Australia: Government and Opposition dancing into the arms of the nuclear lobby

Aust spin doctors 15

New Resources Minister Josh Frydenberg, who has said there is a moral obligation to exporting coal to provide energy for millions of people without access to electricity, has been a long-time supporter of nuclear power and said in his maiden speech that it was “inexplicable that in Australia we have yet to have a constructive and thorough debate about nuclear power, the only baseload, carbon-neutral energy source”.

Showing how the nuclear debate is moving, Mr Shorten also did not rule out nuclear power in the future, saying he would watch what the  South Australian royal commission says

Nuclear power option should not be closed: federal government, Financial Review, by Laura Tingle, 27 Oct 15,  The federal government is keeping open the possibility of adopting nuclear energy to fulfil Australia’s baseload electricity needs while asserting the central role of coal to global energy needs.

The government has told the South Australian Nuclear Royal Commission that nuclear power plants can deliver large amounts of electricity with very low carbon emissions, and should not be closed off as an option.

The revelation came as Prime Minister Malcolm Turnbull rejected a call by a group of 60 prominent citizens for a moratorium on coal exports and new mines amid a revived debate about Australia’s energy future.

“No I don’t agree with a moratorium on the idea of exploiting coal”, Mr Turnbull said on Tuesday, a position backed by Opposition Leader Bill Shorten…….

While the push against coal is being made in advance of global climate change talks in Paris next month, the reopening of a debate about nuclear energy  sparked fresh resistance from environmental and other groups…….

Mr Turnbull and the new chief scientist, Dr Alan Finkel, both acknowledged the low-carbon advantages of nuclear power, though recognised its relatively high cost compared with coal and other energy sources…….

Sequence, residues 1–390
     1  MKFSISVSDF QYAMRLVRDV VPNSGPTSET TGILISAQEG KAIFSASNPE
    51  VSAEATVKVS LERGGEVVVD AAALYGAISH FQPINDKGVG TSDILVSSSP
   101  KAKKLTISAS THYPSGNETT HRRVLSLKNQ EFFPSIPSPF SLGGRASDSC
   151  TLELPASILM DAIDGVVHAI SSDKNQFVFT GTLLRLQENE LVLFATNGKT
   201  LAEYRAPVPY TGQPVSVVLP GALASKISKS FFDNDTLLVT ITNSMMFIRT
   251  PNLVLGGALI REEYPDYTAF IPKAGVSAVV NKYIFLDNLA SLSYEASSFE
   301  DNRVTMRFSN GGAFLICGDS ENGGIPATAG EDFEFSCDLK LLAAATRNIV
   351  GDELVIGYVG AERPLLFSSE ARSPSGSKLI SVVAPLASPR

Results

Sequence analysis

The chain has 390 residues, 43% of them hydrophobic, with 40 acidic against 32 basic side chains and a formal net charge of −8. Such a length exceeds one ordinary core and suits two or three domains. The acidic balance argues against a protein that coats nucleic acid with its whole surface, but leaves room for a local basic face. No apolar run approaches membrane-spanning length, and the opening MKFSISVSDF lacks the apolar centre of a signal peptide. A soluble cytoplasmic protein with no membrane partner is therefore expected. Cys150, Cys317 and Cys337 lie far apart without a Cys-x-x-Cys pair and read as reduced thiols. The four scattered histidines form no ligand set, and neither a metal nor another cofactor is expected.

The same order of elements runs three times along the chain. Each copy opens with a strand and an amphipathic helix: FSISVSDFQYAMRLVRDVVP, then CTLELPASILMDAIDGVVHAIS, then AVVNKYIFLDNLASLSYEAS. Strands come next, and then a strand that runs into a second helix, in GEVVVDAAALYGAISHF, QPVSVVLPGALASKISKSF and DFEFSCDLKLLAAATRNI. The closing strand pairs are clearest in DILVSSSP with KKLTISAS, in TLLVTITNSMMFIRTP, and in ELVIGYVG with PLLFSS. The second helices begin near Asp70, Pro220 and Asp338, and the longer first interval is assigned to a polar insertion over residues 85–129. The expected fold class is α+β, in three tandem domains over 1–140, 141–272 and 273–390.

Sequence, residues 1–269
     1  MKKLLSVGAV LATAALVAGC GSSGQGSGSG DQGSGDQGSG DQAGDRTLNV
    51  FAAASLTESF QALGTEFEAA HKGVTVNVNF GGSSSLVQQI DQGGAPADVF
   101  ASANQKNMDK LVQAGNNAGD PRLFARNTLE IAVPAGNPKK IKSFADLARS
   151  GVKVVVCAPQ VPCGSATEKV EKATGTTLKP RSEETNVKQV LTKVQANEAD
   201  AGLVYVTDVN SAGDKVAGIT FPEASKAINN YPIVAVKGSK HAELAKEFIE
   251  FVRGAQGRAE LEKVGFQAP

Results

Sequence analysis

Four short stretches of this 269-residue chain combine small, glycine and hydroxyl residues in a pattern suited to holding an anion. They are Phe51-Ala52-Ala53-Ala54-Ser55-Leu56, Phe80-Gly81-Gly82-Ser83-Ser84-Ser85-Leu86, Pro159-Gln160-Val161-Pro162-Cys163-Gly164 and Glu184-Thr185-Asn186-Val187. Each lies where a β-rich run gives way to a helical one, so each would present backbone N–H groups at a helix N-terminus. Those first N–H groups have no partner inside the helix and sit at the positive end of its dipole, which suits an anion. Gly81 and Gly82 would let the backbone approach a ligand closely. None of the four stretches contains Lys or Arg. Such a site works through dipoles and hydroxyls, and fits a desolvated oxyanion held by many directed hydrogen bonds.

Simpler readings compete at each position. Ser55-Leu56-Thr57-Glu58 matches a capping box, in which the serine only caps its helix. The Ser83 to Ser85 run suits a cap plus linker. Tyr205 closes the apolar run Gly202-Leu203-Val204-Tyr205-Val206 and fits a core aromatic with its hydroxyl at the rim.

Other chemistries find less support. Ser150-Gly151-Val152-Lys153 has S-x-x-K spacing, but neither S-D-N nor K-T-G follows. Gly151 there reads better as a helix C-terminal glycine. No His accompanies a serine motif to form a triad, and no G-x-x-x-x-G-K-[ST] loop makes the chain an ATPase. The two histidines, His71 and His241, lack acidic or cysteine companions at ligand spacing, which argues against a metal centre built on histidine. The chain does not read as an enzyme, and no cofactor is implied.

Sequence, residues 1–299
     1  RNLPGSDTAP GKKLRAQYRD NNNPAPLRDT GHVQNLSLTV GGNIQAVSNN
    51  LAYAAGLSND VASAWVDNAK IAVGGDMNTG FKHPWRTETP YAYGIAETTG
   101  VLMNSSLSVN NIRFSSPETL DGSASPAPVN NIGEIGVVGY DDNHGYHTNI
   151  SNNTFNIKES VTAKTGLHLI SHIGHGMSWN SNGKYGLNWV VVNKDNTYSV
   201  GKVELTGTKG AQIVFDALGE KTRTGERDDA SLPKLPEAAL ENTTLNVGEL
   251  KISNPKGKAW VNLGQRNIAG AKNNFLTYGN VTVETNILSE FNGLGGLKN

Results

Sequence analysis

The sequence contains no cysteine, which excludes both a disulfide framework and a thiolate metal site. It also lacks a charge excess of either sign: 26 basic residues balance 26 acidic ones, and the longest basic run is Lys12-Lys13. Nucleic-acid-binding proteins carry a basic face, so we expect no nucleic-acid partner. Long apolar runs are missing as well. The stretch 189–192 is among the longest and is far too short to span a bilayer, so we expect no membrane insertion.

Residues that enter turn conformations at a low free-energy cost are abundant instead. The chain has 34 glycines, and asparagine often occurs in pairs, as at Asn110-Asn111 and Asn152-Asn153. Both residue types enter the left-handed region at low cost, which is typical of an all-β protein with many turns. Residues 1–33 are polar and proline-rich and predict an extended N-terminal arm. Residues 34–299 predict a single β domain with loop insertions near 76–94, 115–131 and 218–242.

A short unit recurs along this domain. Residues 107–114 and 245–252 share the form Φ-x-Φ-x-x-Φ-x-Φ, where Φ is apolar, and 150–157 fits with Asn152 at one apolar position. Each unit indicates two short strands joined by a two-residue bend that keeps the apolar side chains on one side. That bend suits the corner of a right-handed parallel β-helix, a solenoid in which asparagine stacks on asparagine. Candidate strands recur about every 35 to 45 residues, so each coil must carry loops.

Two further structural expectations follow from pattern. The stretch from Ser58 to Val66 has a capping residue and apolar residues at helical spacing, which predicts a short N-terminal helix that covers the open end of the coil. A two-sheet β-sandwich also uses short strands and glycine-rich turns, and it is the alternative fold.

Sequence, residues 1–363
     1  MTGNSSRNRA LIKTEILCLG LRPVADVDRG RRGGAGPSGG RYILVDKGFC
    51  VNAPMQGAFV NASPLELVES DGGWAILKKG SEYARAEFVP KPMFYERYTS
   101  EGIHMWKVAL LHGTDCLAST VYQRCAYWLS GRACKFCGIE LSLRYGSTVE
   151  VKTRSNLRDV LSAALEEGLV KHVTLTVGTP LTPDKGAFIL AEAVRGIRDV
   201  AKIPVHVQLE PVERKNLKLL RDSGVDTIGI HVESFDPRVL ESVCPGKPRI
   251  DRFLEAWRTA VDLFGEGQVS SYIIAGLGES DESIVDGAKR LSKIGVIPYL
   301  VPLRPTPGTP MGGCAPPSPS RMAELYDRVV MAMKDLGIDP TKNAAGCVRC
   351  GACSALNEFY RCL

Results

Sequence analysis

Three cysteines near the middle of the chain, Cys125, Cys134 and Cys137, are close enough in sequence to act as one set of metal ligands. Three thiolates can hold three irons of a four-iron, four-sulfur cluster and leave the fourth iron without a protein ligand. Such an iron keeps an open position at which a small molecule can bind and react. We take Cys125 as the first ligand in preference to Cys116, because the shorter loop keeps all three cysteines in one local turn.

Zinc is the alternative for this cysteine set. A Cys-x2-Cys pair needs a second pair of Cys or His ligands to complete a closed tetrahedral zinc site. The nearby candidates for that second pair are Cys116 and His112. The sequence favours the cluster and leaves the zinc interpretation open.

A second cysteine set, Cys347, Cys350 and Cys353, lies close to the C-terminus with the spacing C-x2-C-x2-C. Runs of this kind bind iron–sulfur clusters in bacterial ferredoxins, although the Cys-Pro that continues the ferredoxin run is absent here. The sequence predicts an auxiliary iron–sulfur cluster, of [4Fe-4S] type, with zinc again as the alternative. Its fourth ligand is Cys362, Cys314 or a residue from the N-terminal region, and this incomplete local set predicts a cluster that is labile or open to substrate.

In a submission to the South Australian Government’s Nuclear Royal Commission, the federal government said that while no new generators will be needed in the national electricity grid until 2023-24 because there is a surplus of generating capacity, “these market conditions could change over the time it takes to establish a nuclear power program,” the government said.

“Early consideration of the relative merits of nuclear electricity generation is necessary to inform investment decisions and regulatory arrangements.”

New Resources Minister Josh Frydenberg, who has said there is a moral obligation to exporting coal to provide energy for millions of people without access to electricity, has been a long-time supporter of nuclear power and said in his maiden speech that it was “inexplicable that in Australia we have yet to have a constructive and thorough debate about nuclear power, the only baseload, carbon-neutral energy source”.

On Tuesday, Mr Turnbull backed Mr Fydenberg’s arguments about coal, saying it was  “a very important part, a very large part, the largest single part of the global energy mix and likely to remain that way for a very long time”…….

Dr Finkel said: “I think it’s not unreasonable to look at all viable alternatives”.

“Nuclear energy is a zero-emissions energy. It comes with issues, including the fact we don’t yet have the infrastructure, the training, all the things that would enable it to be a viable industry. So it’s something that should be absolutely considered for a low emissions or a zero-emissions future, if that is what we are looking for. But it is not the only way forward. With enough storage, we could do it in this country with solar and wind.”

Showing how the nuclear debate is moving, Mr Shorten also did not rule out nuclear power in the future, saying he would watch what the  South Australian royal commission says, “but my position has been that renewable energy is probably I think the most productive path to go along” .

“I’m not convinced and I don’t think the economic case has been made that nuclear energy is anything other than a costly alternative at this point”, he said…..

The current government’s submission to the South Australian royal commission says market conditions had changed since the Switkowski review but that its findings “remain relevant”.

Mr Frydenberg said in his first speech to Parliament: “It is a curious moral, economic and environmental position that we find ourselves in where we are prepared to supply uranium, but not use it. Surely it is time to move on from the ideological battles of yesteryear”. http://www.afr.com/business/energy/nuclear-energy/nuclear-power-option-should-not-be-closed-federal-government-20151027-gkjis9#ixzz3pnrsBMqu

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One Response to “Australia: Government and Opposition dancing into the arms of the nuclear lobby”

  1. Christina MacPherson Says:

    Reblogged this on nuclear-news.

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